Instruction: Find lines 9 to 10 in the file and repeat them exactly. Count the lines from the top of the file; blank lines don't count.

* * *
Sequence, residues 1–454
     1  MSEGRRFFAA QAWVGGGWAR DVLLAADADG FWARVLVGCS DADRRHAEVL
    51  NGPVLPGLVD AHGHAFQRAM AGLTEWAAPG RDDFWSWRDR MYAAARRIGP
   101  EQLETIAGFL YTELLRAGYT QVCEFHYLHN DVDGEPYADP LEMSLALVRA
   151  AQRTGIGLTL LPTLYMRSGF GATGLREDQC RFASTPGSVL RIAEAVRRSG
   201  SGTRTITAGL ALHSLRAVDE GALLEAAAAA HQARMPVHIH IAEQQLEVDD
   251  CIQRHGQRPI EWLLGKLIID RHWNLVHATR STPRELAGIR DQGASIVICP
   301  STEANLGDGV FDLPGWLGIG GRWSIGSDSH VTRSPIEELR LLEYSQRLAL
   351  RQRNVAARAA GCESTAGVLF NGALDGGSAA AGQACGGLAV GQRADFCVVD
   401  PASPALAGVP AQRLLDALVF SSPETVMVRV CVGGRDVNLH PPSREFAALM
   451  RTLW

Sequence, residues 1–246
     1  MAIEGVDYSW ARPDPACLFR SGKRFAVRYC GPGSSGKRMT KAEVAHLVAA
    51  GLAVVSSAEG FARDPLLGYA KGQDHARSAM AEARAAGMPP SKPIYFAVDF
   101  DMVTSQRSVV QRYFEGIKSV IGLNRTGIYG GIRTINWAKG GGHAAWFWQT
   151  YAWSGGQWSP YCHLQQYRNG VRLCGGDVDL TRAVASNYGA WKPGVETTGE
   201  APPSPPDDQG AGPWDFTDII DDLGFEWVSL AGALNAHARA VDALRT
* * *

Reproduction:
   351  RQRNVAARAA GCESTAGVLF NGALDGGSAA AGQACGGLAV GQRADFCVVD
   401  PASPALAGVP AQRLLDALVF SSPETVMVRV CVGGRDVNLH PPSREFAALM